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No. 21: May-Jun 1982

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What's ok in the mediterranean is verboten in the atlantic and the pacific

Geologists and geophysicists have now satisfied themselves that a few million years ago the Mediterranean dried up nearly completely. The Deep Sea Drilling Project discovered in 1970 and 1975 that layers of evaporites existed beneath the Mediterranean's floor. In addition, over 80 years ago, the bed of the Rhone River was found to consist of river sands and gravels superimposed upon hundreds of feet of oceanic sediments. Beneath these deposits -- some 3000 feet down -- was a gorge cut in granitic rock. Other rivers emptying into the Mediterranean had cut similar gorges into solid rock long ago. No one could provide an acceptable explanation for the deep-cut gorges until the evaporites proved that the water level had been low enough for the rivers to cut the gorges subaerially. In other words, the Mediterranean's level fell several thousand feet, allowing the rivers to erode gorges much as the Colorado does today in the Grand Canyon.

(Smith, E.G. Walton; "When the Mediterranean Went Dry," Sea Frontiers, 28:66, 1982.) Comment. The Med's buried gorges are obviously close cousins of the many submarine canyons found around the world's continental shelves. Most geologists strongly resist any explanation of the submarine canyons involving subaerial erosion, because no one believes the oceans ever dropped thousands of feet. True, the Med's evaporites confirm a great reduction in water level there, but the flat-topped guyots in the Atlantic and Pacific do the same for the oceans -- or at least seem to. The guyot tops are now thousands of feet below the surface, just like the Mediterranean's evaporites. It is thought-provoking to notice that the Mediterranean (and the oceans?) began to dry up about 5 million years ago, just about when humans are supposed to have split off from the other primates.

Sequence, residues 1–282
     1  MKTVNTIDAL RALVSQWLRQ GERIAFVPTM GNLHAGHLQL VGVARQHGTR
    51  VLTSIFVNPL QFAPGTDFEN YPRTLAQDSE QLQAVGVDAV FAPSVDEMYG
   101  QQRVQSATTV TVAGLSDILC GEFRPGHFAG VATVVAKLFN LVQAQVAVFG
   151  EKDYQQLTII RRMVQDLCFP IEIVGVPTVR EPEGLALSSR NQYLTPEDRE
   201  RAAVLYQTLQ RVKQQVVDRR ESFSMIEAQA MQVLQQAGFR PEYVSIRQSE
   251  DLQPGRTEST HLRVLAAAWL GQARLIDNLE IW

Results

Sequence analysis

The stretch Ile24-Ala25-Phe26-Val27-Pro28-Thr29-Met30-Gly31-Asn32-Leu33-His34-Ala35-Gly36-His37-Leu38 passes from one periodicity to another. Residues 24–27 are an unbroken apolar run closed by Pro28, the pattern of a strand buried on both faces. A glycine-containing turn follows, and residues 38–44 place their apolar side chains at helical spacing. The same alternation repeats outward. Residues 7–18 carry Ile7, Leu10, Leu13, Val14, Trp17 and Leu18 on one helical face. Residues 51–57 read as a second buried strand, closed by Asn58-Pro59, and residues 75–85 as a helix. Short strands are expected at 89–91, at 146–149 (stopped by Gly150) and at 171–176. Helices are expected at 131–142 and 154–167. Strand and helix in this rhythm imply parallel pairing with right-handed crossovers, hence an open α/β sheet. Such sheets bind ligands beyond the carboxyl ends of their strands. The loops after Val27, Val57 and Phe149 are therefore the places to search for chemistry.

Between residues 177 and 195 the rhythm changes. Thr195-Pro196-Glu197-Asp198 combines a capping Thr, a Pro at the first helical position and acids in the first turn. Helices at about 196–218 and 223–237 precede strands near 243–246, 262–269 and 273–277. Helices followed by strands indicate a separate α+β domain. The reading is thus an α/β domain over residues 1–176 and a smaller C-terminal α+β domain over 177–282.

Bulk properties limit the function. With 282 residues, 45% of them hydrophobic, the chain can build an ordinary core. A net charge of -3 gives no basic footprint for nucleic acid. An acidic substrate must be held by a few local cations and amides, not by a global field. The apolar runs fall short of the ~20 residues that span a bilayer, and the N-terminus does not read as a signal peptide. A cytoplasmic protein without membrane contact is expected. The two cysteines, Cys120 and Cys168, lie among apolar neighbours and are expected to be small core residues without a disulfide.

Reference. Flat-topped guyots are cataloged at ETH1 in Carolina Bays, Mima Mounds. Description of this book here.

From Science Frontiers #21, MAY-JUN 1982. 1982-2000 William R. Corliss

Science Frontiers Sourcebook Project Reviewed in:


  • "A sourcebook of unexplained phenomena is therefore a valuable addition to a collection of scientific literature. William R. Corliss has provided this in the past with his source books of scientific anomalies in several subjects, and now he has provided it for astronomy. He has done an excellent job of collecting and editing a large amount of material, taken in part from scientific journals and in part from scientific reporting in the popular or semi-scientific press." -- "The Mysterious Universe: A Handbook of Astronomical Anomalies", reviwed by Thomas Gold, Cornell University, in Icarus, vol.41, 1980

  • "An interesting, systematic presentation of unusual weather [..] This book is recommended for a general audience" --"Corliss, William R., Tornados, Dark Days, Anomalous Precipitation, and Related Weather Phenomena, Sourcebook Project, 1983.", revieweed in Choice, September 1983
  • "..the science is necessarily somewhat speculative, but Corliss's symthesis is based on reputable sources." -- "Corliss, William R. (Compiler). Lightning, Auroras, Nocturnal Lights, and Related Luminous Phenomena" reviwed by Joseph M. Moran, Univ. of Wisconsin in Science Books and Films, Sep/Oct 1983

  • "Before opening the book, I set certain standards that a volume which treads into dangerous grounds grounds like this must meet. The author scrupulously met, or even exceeded those standards. Each phenomenon is exhaustively documented, with references to scientific journals [..] and extensive quotations" -- "Book Review: The moon and planets: a catalog of astronomical anomalies", The Sourcebook Project, 1985., Corliss, W. R., Journal of the Royal Astronomical Society of Canada, Vol. 81, no. 1 (1987), p. 24., 02/1987